Under the glow of a waxing crescent, San Francisco Symphony conjured the raucous spirit of Halloween on Oct. 28 for the “Frankenstein and Psycho” concert. The symphony’s quintessential all-black uniform enhanced the delightfully spooky atmosphere as patrons left their formal attire on the hanger to arrive in costumes that ranged from ornate witchy ensembles to shark onesies.
The concert opened with “Psycho: A Narrative for String Orchestra,” composed by Bernard Herrmann for Alfred Hitchcock’s 1960 thriller of the same name. With only string players present on stage, Herrmann’s score captured a haunting singularity of texture and demonstrated the versatility of the string sound.
Even without the film, Herrmann’s score prickles under the skin. Violins are traditionally used to evoke romantic, sentimentalist moods, but Herrmann’s music washed over listeners like icy water. The suite is built around a pulsing, almost percussive motif that stirs suspense and paranoia.
Music director Esa-Pekka Salonen conducted and set the piece at a thrilling tempo, layering its different parts with precision. His urgent movement titillated fright and excitement, unmuffled by the audience’s familiarity with the score. Quiet passages pulsed with anxiety, taut like the spring of a mousetrap. Wicked anticipation penetrated lyrical lines as their wailing expression departed from beauty and grew feverish and maddening.
The most recognizable part of Herrmann’s film score is that which accompanies Hitchcock’s shower scene — where Marion Crane (Janet Leigh) is repeatedly stabbed by a shadowed figure in the shower. Giggles bubbled from the audience when the famous passage finally arrived, which only mildly defrosted the sense of terror. At first, the strings’ repeated strikes landed a bit slow and soft; it seemed as if the slashing was done with a butterknife instead of a dagger. In the following iterations, however, the violins’ shrieks grew more formidable, violent and robust.
The rest of the orchestra filed on stage for the oldest piece of the night’s program, the concert suite from Béla Bartók’s “The Miraculous Mandarin.” The 1926 debut of Bartók’s bawdy ballet about sexual exploitation sparked riotous uproar and was banned by the mayor of Cologne, Germany on moral grounds. Salonen and the orchestra kicked the piece off with vigor, creating an atmosphere of surprise that steered audiences through a house of mirrors. Percussion and violin players hissed like snakes in Cleopatra’s garden. The orchestra’s flair for the dramatic soared to astonishing heights that generated an epic, triumphant conclusion.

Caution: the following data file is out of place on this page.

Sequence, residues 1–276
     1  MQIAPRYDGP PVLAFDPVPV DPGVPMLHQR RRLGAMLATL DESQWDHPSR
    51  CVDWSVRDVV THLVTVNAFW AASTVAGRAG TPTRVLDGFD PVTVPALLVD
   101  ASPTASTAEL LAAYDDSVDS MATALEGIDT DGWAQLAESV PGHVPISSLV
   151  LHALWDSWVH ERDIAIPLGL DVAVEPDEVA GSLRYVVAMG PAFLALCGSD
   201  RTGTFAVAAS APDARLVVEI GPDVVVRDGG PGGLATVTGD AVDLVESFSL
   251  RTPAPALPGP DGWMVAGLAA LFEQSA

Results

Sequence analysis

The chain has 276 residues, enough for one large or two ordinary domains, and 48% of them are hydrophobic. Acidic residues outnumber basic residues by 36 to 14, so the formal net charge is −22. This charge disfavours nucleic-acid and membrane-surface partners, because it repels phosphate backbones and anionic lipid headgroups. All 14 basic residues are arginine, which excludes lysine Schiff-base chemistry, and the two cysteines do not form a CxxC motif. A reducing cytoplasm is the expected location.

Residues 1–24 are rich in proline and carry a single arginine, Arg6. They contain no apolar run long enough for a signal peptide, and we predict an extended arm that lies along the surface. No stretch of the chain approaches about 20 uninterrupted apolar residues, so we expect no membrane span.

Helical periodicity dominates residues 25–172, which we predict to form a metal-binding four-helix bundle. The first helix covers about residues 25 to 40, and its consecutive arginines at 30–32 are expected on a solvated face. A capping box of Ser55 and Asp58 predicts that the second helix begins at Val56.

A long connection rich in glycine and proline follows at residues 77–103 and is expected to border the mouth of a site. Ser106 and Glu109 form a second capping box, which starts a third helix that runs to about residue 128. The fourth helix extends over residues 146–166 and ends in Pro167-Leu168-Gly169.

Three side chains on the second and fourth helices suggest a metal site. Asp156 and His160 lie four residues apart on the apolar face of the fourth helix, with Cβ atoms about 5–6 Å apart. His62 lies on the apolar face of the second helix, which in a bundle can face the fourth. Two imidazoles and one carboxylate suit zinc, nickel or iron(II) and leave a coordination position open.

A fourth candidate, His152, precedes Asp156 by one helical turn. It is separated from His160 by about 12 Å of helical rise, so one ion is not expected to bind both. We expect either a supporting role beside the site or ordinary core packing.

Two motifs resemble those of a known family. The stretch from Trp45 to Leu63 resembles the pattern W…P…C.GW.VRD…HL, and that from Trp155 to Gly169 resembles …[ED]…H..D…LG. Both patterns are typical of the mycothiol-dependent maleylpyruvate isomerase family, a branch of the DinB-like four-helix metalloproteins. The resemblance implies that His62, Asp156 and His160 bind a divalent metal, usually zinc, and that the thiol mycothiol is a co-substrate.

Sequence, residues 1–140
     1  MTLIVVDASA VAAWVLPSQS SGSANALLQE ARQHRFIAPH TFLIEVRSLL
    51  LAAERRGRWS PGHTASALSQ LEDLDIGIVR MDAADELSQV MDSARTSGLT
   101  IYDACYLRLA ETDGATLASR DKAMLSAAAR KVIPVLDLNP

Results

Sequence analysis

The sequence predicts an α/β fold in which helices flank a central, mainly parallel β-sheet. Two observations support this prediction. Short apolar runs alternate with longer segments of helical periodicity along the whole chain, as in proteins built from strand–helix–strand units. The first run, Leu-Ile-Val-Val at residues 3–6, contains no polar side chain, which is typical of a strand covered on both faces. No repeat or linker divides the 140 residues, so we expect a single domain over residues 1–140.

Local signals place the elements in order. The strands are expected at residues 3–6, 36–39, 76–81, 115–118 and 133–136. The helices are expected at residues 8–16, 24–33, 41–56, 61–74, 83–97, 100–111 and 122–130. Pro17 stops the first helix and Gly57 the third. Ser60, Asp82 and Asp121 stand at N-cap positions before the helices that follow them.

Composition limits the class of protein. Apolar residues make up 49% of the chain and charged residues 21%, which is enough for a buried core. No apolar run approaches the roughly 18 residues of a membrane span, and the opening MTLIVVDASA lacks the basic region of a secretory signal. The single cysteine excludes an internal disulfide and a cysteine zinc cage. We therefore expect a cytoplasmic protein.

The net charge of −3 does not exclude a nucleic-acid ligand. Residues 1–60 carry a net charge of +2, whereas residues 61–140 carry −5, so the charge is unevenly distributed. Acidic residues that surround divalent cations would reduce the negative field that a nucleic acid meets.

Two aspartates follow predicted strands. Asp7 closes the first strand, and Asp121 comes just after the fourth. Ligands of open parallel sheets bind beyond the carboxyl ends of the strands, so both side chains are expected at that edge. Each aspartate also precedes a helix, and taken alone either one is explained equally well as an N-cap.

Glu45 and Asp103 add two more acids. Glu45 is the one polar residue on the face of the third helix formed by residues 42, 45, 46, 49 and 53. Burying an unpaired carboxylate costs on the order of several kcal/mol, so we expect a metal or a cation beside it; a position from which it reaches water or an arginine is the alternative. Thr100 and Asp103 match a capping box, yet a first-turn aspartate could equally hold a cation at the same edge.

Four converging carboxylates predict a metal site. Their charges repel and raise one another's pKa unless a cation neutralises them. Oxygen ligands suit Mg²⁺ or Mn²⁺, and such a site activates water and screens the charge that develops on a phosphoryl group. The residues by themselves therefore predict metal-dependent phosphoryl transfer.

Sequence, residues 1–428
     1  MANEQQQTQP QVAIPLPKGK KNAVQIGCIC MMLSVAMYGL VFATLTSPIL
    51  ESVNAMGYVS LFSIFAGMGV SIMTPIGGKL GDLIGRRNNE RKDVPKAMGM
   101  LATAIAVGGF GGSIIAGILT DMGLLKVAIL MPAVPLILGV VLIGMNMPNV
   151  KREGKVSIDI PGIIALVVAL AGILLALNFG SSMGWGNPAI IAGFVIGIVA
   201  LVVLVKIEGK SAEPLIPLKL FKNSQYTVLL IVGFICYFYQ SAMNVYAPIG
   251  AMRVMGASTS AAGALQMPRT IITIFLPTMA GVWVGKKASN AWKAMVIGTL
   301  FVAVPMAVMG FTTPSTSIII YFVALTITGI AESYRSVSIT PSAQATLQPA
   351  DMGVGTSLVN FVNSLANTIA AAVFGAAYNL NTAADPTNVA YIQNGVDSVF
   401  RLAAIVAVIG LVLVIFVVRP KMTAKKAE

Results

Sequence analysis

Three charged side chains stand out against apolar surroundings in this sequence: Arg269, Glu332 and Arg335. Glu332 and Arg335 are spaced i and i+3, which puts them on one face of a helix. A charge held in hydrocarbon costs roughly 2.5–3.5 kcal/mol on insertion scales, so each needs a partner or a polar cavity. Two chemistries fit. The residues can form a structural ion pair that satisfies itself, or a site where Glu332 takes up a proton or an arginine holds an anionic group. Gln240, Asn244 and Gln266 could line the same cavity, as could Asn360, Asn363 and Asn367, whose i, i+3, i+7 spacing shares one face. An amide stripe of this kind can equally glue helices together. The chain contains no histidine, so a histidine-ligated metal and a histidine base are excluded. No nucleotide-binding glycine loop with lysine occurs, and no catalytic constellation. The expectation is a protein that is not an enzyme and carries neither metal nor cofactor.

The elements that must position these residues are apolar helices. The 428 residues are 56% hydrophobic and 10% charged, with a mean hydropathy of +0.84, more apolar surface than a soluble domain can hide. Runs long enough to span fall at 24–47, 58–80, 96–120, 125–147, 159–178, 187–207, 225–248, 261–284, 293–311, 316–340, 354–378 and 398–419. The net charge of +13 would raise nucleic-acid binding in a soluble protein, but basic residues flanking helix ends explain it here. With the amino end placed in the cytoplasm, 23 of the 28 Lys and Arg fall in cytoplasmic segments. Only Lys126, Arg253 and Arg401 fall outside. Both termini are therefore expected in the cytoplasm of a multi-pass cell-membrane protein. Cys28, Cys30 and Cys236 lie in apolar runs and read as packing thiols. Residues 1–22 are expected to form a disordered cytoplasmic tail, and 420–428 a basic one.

The ensemble’s performance of Bartók shot through Davies Symphony Hall like a meteor hitting earth. Yet, the symphony did not leave the dust to settle in its wake and instead set its course on a wholly new planet. The night ended with HK Gruber’s “Frankenstein!!” and featured baritone Christopher Purves in a dapper kilt.
“Frankenstein!!” is the kind of contemporary orchestral music that appears nonsensical on paper but is significantly more fun in performance. Mary Shelley might not even recognize her own work to be the namesake of this devilishly unusual piece. “Frankenstein!!” ran like pandemonium: It featured complex rhythms and interpolations on top of atypical instrumentation, such as wheezing kazoos, whistling and paper bags that got blown up and then popped in rhythmic succession.
The outlandish piece took unexpected and over-the-top musical turns, sounding like the scariest episode of “Tom and Jerry.” It also featured jaw-dropping vocal passages taken from several sources including the eponymous novel, “Dracula” and a fanfiction-esque passage that describes Batman and Robin at breakfast. Modulating his voice and showing off his impressive range, Purves proved himself to be an expressive, whimsical and entertaining performer. Salonen and the symphony gripped the reins of control in this shambolic piece while simultaneously letting the melodies cannonball and romp at will.
“Frankenstein!!” aired a childlike wonder, capping off the night with buoyant joy. With its eclectic and enthusiastic program, SF symphony wished its audience members a happy Halloween by giving spine-tickling tricks and gut-busting treats.